Monday, May 09, 2016

Government should think again on British Bill of Rights

The House of Lords EU Justice Committee has today published its report on the Government’s proposal to introduce a UK Bill of Rights.

The Committee says the evidence they received makes ‘a forceful case’ for the Government to think again on the policy.

The report says that the Government’s proposals:

  • Will not depart significantly from the existing Human Rights Act.
  • Are likely to “affirm” in a Bill of Rights all the rights contained within European Convention on Human Rights [as Stated by the Secretary of State], making the necessity of a Bill of Rights unclear.
  • May damage the UK’s standing within the Council of Europe and the EU, and its moral authority internationally.
  • May, lead to an increasing reliance on the EU Charter of Fundamental Rights in UK courts if the scope of the Human Rights Act is reduced.
  • Risk constitutional upheaval with the devolved nations, with the consequence that the proposed UK Bill of Rights could end up as an English Bill of Rights.

Commenting Baroness Kennedy of the Shaws, Chairman of the House of Lords EU Justice Sub-Committee, said:

“Our evidence from the Secretary of State for Justice was the first time the Government has explained why it wants to introduce a British Bill of Rights. The arguments seemed to amount to restoring national faith in human rights and to give human rights a greater UK identity. The proposals he outlined where not extensive, and we were not convinced that a Bill of Rights was necessary.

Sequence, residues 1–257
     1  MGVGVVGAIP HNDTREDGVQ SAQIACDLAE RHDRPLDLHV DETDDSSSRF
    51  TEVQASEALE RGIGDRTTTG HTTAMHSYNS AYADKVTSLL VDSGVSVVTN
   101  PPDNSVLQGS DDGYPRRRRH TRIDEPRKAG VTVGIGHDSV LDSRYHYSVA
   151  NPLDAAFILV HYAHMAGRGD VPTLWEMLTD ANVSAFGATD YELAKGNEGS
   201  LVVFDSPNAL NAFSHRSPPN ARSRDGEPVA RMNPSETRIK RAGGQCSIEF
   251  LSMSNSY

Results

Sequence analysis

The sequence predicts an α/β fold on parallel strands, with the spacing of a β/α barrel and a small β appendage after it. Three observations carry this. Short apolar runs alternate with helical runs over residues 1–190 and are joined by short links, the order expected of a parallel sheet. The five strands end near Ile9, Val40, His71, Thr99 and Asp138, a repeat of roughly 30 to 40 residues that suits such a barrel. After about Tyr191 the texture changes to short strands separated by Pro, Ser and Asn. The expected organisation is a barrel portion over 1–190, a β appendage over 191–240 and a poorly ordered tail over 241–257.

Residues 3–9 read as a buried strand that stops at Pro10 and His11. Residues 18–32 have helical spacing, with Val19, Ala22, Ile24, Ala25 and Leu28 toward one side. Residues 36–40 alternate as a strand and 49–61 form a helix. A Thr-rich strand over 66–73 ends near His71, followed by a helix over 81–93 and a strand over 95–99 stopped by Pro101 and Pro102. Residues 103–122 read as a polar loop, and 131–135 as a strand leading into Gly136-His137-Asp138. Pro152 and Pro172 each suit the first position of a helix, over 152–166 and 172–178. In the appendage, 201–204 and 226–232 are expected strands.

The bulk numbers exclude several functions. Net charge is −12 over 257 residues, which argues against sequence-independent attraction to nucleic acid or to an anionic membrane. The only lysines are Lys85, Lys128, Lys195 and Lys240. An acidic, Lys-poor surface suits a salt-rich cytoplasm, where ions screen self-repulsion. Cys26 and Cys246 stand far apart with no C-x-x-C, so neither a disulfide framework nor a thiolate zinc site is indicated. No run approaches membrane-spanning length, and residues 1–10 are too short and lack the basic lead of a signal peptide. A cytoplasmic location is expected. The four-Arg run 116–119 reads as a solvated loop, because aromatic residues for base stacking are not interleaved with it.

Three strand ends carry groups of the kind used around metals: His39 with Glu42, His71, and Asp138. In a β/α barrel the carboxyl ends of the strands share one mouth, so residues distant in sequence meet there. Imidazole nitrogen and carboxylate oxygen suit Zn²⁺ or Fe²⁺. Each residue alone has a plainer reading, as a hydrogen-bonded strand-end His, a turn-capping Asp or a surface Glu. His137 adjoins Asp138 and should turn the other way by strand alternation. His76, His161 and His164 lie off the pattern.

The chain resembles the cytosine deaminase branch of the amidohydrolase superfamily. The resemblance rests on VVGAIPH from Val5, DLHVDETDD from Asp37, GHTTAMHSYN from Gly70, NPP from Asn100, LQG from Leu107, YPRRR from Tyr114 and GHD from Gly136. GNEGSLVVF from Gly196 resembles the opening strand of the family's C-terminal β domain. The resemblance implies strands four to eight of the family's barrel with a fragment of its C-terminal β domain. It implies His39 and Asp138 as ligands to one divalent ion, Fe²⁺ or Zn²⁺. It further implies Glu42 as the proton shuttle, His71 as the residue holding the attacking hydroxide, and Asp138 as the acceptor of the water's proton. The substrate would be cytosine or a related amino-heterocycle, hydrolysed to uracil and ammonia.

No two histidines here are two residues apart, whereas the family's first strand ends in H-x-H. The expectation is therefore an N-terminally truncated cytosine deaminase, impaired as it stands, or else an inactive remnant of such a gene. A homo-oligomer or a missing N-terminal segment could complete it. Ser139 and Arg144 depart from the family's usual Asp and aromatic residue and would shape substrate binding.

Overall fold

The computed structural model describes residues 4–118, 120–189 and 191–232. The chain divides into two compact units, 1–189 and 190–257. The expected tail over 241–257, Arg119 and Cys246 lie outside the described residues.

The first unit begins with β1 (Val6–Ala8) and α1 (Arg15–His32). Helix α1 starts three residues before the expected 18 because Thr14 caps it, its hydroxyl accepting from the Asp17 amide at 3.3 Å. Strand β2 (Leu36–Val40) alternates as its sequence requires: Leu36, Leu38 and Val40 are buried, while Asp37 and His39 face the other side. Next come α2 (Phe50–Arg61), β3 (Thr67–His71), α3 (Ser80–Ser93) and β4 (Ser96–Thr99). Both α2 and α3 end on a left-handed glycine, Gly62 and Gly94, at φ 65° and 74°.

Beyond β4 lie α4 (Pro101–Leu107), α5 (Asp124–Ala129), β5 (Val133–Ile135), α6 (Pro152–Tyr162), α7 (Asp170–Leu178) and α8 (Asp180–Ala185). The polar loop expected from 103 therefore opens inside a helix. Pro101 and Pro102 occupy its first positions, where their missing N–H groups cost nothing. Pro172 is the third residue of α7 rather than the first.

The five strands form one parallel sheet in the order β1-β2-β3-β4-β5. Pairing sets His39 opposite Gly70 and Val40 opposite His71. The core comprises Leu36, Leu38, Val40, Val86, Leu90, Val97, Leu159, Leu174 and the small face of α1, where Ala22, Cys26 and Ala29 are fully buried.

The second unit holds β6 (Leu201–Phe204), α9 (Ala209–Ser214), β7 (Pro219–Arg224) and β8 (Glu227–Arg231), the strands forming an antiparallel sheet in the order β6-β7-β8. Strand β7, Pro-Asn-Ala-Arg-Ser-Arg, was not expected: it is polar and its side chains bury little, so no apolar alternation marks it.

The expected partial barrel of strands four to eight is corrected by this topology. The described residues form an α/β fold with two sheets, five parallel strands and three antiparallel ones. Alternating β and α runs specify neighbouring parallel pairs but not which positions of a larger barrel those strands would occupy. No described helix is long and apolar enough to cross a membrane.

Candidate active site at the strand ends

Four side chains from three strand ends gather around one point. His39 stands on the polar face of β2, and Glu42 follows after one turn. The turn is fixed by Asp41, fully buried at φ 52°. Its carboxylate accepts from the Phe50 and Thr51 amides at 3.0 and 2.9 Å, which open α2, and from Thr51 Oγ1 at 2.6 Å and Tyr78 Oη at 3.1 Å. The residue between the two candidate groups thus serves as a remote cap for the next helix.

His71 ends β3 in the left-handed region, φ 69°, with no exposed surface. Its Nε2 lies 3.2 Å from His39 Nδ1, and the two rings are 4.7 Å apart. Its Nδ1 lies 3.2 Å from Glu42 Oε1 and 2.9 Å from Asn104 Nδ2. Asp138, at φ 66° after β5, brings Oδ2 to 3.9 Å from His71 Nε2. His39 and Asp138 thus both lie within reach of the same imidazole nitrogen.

“Many witnesses thought that restricting the scope of the Human Rights Act would lead to an increase in reliance on the EU Charter of Fundamental Rights in UK courts, which has stronger enforcement mechanisms. This seemed to be a perverse consequence of a Bill of Rights intended to give human rights greater UK identity

“We heard evidence that the devolved administrations have serious concerns about the plans to repeal the Human Rights Act. If the devolved Parliaments withheld their consent to a British Bill of Rights it might very well end up as an English Bill of Rights, not something we think the Government would want to see.

“The more evidence we heard on this issue the more convinced we became that the Government should think again about its proposals for a British Bill of Rights. The time is now right for it to do so.”

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